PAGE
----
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Admiral David D. Porter, The Naval History of the Civil War., Chapter 49: first attack on Fort Fisher.--destruction of the confederate ram Albemarle, etc. (search)
hamrock exploding in the magazine, the fort blew up, some of the fragments falling on the decks of the steamers. The explosion caused a panic among the Confederates, who ceased firing and fled in all directions. The Union forces were landed and took possession of the batteries without resistance. Never was victory more complete, and the news was transmitted by Rear-Admiral Porter to the Navy Department in the following dispatch: United States Flag-Ship Malvern, Hampton Roads November 11, 1864. Sir — I have the honor to inclose you the report of Commander William H. Macomb, in relation to the capture of the batteries and the town of Plymouth, North Carolina, which place with all its defences was captured from our land forces some time last spring. This was a very gallant affair, and reflects great credit on the commander of the expedition and all concerned. It is a handsome finishing stroke after the blowing up of the ram. The fruits of this capture are twenty-two
Admiral David D. Porter, The Naval History of the Civil War., Chapter 59: (search)
783 58 Washington Oct. 1, 1863 Samuel Rotan. Sloop Mary Grey Waiting for prize list of the T. A. Ward. 224 37 166 01 58 36 do   Eureka, T. A. Ward. Bark Meaco 92,213 47 Allowed to claimants.30,155 55 55,967 89 Philadelphia Mar. 11, 1863 Brooklyn, St. Louis. 6 090 02 Schooner Mabel 8,781 50 1,753 61 7,027 89 do Nov. 6, 1862 Dale, St. Lawrence. Schooner Morning Star 1,168 61 645 02 523 59 do Nov. 25, 1862 Bienville. Schooner Mary Wood 3,292 78 1,039 79 2,252 99 do Nov. 11, 1864 Pawnee. Schooner Mary Elizabeth 685 68 596 82 88 86 do Oct. 19, 1863 Stars and Stripes, Mystic, State of Georgia. Schooner Major E. Willis 36,242 45 2,098 37 34,144 08 do Nov. 5, 1863 Powhatan, Housatonic, Paul Jones, Huron, Unadilla, Augusta, South Carolina, America, G. W. Blunt, New Ironsides, Flag, Stettin, Lodona.   Merchandise, 680 pieces Waiting for prize list of the Hunchback. 312 16 106 32 205 84 Boston   Hunchback. Schooner Monterey 837 10 287 04 550 06 Washington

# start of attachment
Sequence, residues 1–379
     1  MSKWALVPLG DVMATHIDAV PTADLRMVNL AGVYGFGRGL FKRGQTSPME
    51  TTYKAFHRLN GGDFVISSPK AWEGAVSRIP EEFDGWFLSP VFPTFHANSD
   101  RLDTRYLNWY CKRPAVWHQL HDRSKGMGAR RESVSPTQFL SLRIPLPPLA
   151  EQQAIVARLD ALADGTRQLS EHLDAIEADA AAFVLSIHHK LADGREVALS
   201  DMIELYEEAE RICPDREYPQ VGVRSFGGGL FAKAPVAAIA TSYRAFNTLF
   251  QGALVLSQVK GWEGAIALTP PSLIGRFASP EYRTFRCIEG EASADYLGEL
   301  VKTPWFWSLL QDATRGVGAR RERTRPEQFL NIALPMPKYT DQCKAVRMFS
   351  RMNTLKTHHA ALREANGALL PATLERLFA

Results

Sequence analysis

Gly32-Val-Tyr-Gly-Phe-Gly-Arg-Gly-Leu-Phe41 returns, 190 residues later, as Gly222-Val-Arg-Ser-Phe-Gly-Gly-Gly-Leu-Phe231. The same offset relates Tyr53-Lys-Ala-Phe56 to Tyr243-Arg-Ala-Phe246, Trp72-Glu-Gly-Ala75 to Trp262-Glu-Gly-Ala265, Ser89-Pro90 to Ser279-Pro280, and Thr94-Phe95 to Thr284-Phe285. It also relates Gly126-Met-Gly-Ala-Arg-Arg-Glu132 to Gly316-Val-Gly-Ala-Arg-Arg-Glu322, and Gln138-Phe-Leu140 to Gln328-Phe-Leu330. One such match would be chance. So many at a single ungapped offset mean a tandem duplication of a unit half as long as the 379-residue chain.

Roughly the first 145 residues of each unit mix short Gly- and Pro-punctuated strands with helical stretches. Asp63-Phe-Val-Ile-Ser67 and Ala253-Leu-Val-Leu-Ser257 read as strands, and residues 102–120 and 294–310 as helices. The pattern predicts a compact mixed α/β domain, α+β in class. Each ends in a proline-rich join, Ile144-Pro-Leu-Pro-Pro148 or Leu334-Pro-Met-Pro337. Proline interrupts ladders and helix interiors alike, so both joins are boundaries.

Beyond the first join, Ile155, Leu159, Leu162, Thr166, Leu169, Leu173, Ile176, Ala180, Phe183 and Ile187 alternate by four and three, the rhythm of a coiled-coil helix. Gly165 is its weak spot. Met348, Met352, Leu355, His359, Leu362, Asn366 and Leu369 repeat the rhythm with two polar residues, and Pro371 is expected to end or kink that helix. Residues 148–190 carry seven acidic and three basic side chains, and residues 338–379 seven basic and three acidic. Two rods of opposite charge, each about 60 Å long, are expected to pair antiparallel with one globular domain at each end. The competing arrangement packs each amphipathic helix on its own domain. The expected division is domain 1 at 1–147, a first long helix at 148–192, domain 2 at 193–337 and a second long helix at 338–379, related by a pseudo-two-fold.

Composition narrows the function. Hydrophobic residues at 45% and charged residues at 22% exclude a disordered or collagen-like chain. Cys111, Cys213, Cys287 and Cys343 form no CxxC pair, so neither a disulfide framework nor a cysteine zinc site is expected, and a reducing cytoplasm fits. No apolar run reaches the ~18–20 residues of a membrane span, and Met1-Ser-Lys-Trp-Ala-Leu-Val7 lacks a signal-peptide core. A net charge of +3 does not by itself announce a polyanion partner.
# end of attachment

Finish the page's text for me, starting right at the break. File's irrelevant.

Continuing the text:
ngston Upham surprised at Southwest creek Hoke strikes out is repulsed, and retreats Schofield enters Goldsboroa. Gen. Sherman, after sending back to Chattanooga his sick and wounded, surplus guns, baggage, and the garrisons of his more northern posts in Georgia, had still under his immediate command the 14th, 15th, 17th, and 20th corps, numbering 60,000 infantry and artillery and 5,500 cavalry. Concentrating these around Rome and Kingston, Georgia, he thoroughly destroyed Nov. 2-11, 1864. such portions of the railroads and such other property as he judged might be used to his prejudice by the enemy, reserving for the last sacrifice the telegraph which still connected him with Grant, Washington, and the North; but, at length, cutting that, Nov. 11. after sending his parting messages, his army stood clear of all posts and communications — a strictly movable column — and commenced its memorable march. For this, it had been organized in two grand divisions or wings: the r